Ed Swan looks at the growing number of tributes in Leytonstone to the famous film director
Alfred Hitchcock reportedly said of his early life in East London: “The sky was always grey, the rain was grey, the mud was grey, and I was grey”.
But there’s no dispute that the influence of London was central to his style of filmmaking, and several of his films, such as The Lodger: A Story of the London Fog and Frenzy convey a sense of deep affection, in particular a respect for the tradition of dark and sinister history and urban legends that have long been part of London’s popular narrative.
As a native of Leytonstone, Hitchcock had his earliest experiences in and around what is now the borough of Waltham Forest. There are several hidden ways in which the effects of the area on his upbringing can be found in his films, just as there remain clues to the identity of one of Waltham Forest’s most famous sons imprinted on the local area.
Hitchcock was born in Leytonstone in 1899, the youngest of three sons in a working-class Anglo-Irish family. He was born at 517 High Road Leytonstone in the house above his father’s grocery shop. The place where the house stood is now a petrol station.
By the time of his birth, the area had already largely been transformed from a rural Essex town to an industrial and residential suburb by the arrival of the Eastern Counties Railway at what is now Leytonstone tube station in 1856, which linked the area to central London.
The young Hitchcock was said to have been fascinated with the transport system, memorising every station on the route by the age of eight. Fans will know that transport and stations are a recurring motif in many of his films, with his famous director’s cameos often involving him getting on or off different forms of transport.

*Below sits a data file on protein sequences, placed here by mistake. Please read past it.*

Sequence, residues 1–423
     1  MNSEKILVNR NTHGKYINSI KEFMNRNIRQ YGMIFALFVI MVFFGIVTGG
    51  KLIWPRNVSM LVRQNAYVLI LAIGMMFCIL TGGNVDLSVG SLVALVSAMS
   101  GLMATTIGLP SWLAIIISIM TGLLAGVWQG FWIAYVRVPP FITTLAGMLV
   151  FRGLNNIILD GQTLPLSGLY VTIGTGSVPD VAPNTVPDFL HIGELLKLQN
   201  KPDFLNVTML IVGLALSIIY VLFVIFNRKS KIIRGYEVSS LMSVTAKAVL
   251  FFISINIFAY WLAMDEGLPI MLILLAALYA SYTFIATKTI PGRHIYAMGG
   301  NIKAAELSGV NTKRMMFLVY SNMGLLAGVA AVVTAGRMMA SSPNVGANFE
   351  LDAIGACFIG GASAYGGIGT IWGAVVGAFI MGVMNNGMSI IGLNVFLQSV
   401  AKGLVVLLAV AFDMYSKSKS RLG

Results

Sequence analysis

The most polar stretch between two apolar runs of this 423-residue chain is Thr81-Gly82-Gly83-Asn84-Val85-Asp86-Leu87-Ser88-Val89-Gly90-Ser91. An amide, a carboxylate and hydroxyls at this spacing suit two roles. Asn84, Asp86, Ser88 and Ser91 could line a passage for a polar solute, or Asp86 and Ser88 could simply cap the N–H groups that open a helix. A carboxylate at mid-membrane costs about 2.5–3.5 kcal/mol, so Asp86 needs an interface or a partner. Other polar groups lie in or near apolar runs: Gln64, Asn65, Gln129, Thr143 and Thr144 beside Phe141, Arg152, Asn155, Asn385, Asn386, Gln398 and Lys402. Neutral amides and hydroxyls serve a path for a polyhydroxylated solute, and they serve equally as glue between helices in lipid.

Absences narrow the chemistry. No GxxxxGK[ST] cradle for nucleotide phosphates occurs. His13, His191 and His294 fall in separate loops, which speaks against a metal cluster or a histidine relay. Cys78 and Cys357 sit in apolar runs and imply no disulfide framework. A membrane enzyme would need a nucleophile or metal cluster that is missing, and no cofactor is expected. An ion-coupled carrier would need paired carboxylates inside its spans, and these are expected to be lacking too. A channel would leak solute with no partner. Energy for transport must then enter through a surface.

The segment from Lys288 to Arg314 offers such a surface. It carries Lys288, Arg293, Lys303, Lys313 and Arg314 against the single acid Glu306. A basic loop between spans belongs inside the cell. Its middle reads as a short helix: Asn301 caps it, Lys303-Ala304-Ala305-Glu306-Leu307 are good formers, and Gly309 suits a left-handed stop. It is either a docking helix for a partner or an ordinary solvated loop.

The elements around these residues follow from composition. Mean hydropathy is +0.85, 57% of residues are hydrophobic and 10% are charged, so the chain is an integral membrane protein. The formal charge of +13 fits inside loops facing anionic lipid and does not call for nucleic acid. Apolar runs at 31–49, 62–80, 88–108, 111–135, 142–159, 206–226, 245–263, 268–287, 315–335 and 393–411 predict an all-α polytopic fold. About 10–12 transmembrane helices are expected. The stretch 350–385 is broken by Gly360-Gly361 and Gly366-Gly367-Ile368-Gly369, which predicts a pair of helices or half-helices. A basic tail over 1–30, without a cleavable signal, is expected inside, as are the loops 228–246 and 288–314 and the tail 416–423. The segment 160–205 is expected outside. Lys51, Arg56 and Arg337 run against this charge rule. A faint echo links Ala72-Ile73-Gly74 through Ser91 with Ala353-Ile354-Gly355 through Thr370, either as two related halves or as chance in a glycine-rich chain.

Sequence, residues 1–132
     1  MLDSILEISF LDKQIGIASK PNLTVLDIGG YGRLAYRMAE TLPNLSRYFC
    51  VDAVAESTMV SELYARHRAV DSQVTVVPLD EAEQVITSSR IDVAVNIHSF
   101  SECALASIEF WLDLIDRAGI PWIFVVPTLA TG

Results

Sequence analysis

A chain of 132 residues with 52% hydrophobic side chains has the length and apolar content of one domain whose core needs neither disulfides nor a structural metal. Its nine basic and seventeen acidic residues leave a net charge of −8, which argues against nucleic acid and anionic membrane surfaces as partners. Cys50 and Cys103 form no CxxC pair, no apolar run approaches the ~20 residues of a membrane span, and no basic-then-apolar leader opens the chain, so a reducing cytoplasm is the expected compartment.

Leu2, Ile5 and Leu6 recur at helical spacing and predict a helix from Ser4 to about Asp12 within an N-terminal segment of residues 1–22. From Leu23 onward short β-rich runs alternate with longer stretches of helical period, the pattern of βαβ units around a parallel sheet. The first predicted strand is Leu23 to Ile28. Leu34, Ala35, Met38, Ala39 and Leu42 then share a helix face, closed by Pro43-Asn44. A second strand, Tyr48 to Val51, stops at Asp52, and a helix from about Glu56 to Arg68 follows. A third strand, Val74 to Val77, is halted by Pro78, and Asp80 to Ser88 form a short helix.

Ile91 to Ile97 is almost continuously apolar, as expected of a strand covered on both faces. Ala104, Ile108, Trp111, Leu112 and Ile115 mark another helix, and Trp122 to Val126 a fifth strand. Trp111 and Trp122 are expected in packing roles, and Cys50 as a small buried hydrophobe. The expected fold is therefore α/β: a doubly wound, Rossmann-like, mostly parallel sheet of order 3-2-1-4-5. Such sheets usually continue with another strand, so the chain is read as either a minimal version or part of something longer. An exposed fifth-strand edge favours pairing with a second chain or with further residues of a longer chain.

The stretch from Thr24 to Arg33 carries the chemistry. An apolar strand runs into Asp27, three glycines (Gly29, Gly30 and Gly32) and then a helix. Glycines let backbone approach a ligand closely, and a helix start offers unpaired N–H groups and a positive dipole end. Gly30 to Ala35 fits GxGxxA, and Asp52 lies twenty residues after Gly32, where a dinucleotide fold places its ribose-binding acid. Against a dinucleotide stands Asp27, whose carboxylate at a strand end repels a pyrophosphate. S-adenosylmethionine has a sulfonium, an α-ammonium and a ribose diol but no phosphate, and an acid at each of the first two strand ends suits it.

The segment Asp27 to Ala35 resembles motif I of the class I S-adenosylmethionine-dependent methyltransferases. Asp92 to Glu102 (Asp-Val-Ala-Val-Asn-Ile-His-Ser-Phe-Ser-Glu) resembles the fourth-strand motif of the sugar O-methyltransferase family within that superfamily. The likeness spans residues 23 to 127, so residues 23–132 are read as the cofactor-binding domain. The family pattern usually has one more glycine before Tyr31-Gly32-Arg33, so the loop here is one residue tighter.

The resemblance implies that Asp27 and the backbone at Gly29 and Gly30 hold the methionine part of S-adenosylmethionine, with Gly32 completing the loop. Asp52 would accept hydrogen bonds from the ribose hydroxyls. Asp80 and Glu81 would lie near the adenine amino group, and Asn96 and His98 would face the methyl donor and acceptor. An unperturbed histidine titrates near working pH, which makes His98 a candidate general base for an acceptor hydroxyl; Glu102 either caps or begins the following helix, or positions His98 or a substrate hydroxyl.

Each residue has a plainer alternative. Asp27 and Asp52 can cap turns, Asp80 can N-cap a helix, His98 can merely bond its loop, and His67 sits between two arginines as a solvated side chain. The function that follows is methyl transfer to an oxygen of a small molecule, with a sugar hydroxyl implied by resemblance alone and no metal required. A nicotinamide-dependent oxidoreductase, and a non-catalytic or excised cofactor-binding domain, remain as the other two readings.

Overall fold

A defining moment in the young Hitchcock’s life took place at Harrow Road police station which once stood near the intersection of Harrow Road and High Road Leytonstone, a site which is now occupied by a branch of Costcutter.
When he was five years old, Hitchcock’s father sent his son to the station with a note requesting that he be locked up there for five minutes because of his bad behaviour. Harsh and authoritarian police actions and wrongful accusations would be another recurring motif in his films. In the words of the director himself: “I’m not against the police, I’m just afraid of them.”
Perhaps the most striking testimony to the director is the series of 17 mosaics in the underpass at Leytonstone station, commissioned by the council to celebrate the centenary of Hitchcock’s birth. The mosaics feature scenes from his best-known and best-loved films including Vertigo, Psycho and The Wrong Man, as well as scenes from his life. Waltham Forest Council also commissioned the large mural depicting The Birds opposite the site of Hitchcock’s birth at the corner of High Road Leytonstone and Lynn Road.
Nearby, the Sir Alfred Hitchcock pub and hotel on Whipps Cross Road stands imposingly over a corner of Epping Forest and embodies a slightly bleak grandeur that also characterises some of his films.
Inside, photos and memorabilia from his films make it an atmospheric place to meditate on the local legacy of the director.
It was once said of Hitchcock: “Like Freud, he diagnosed the discontents that chafe and rankle beneath the decorum of civilisation. Like Picasso or Dali, he registered the phenomenological threat of an abruptly modernised world”.
By going back to his roots in Leytonstone, we can still imagine how he first experienced these discontents of civilisation and newly modernised world.